With the onset of monsoon, the iron ore mining business in Goa has come to a standstill with only lumpy ore being transported from the sites to ports.
Industry players like Goa Mineral Ore Exporters Association (GMOEA) claim that 80 per cent of the business will be down, as fines (small particle ore) cannot be laden in trucks and transported to the jetties from where it is ferried to the port by small ships.
Only few mining companies extract the lumpy ore, while rest deal with fines which are low grade, GMOEA executive secretary Swaminathan Sridhar said.
Extraction and transportation of ore becomes difficult during rains due to logistic reasons, he said. Goa is India's largest exporter of iron ore with majority of the extracted earth exported to China, which has become a booming market since 2005. The state has 90 operational mining leases. The clampdown on the illegal mining activity has severely dented prospects of growing exports from the state.
From a record 54 million tonnes of export in 2010-11, before crackdown on the illegal iron ore, the exports had plummeted to 43 million tonnes in 2011-12.
"The indications are that the exports would further be down by 15 per cent for the current financial year," GMOEA Secretary Glenn Kalavampara said, adding that the trends of exports in April-May this year were indicative of the downfall.
He said that 38 million tonnes mining export is projected for 2012-13. "But it may be too early to predict," he added.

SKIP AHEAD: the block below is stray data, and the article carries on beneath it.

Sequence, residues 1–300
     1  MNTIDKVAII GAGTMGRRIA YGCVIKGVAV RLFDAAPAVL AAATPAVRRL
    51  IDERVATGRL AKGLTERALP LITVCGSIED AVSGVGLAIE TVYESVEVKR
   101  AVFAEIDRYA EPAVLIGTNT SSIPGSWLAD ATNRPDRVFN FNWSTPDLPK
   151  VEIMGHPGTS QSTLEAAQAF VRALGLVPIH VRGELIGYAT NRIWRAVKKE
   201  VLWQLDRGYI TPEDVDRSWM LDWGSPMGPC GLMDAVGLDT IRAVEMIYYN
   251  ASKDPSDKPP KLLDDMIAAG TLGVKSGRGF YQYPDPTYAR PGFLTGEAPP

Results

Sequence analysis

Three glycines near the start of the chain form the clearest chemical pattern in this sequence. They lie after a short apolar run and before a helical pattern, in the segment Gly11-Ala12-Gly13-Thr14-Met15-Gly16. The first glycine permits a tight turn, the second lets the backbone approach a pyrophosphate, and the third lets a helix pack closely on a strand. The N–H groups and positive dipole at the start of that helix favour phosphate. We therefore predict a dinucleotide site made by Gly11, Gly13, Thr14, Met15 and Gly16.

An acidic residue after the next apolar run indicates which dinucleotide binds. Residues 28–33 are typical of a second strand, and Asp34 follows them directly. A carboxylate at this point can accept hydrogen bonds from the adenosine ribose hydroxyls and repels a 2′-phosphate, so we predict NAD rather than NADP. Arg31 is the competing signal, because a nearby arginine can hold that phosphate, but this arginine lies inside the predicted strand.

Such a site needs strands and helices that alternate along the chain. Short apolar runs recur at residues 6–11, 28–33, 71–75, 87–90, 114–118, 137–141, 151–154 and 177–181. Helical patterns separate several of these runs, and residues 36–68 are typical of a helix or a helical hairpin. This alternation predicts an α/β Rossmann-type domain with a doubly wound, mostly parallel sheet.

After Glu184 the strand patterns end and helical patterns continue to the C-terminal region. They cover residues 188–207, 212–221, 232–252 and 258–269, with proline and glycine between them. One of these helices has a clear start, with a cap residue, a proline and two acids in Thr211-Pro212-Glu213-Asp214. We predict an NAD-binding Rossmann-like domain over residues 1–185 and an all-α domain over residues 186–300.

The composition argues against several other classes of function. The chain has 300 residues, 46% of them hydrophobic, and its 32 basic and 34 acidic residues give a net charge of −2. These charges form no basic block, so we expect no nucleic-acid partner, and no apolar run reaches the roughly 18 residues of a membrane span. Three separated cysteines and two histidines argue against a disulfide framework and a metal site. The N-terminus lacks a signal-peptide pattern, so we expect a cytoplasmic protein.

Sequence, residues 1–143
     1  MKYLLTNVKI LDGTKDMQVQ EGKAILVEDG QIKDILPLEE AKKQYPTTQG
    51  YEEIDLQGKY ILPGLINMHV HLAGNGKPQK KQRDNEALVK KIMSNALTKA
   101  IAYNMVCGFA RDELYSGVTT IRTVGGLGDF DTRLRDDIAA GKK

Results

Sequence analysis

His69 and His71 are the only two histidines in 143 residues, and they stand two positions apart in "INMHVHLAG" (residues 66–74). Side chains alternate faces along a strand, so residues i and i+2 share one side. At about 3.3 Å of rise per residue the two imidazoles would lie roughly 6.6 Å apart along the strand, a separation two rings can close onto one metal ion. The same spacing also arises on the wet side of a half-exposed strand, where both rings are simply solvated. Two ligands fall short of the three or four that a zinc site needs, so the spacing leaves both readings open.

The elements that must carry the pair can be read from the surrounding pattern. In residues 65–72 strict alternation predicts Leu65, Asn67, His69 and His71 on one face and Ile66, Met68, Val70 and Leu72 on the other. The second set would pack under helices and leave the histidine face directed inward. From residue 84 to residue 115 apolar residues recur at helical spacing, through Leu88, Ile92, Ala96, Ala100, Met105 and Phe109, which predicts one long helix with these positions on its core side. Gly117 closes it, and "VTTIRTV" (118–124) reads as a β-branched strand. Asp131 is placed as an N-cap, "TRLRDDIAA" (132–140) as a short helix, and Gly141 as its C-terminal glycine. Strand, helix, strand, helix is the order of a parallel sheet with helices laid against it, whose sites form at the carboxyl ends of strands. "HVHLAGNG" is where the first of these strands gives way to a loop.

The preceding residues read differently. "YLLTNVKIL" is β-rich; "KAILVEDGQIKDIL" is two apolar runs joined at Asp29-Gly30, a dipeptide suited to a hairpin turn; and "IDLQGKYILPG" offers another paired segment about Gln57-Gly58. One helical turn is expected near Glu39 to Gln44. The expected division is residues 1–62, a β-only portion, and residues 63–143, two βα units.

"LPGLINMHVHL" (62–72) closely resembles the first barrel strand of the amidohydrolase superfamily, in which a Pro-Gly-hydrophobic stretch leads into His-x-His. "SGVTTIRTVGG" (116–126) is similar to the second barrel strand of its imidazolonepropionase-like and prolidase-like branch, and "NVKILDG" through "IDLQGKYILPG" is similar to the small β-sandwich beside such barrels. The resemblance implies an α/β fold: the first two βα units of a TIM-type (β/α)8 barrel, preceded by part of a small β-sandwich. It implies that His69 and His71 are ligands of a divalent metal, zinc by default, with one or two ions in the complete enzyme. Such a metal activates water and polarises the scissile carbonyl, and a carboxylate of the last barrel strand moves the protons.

The statistics available with the GMOEA indicate that export was around 8-9 million tonnes for April-May 2012, which is less in comparison to corresponding period last year. Not just the economy slowdown in China, but stringent
measures adopted by the state authorities have cut into the illegal mining, curtailing the exports.
The state government had imposed ban on the export of ore from the iron ore stacks, which were dumped in the mining leases. Small-time traders, who were operating without proper licencing, have also been regulated by the state mines and geology department.
The increased export duty is also affecting the business, Kalavampara said. Further, the stringent MMRD (Mines and Minerals Regulation and Development) rules, which are in the process of being amended, may also be one of the risk factors faced by the industry, he said.
In addition, the revision in the royalty paid to the state government is also affecting the ailing industry. The mining industry hopes that it won't be taxed further as the royalty revision is due in the current year, he said.
"Various states across the country want more revenue from mining industry during the revision of royalty. Overall revision will also affect Goa," he said.
GMOEA has demanded that royalty should be at uniform unit rate depending on the iron content of the ore.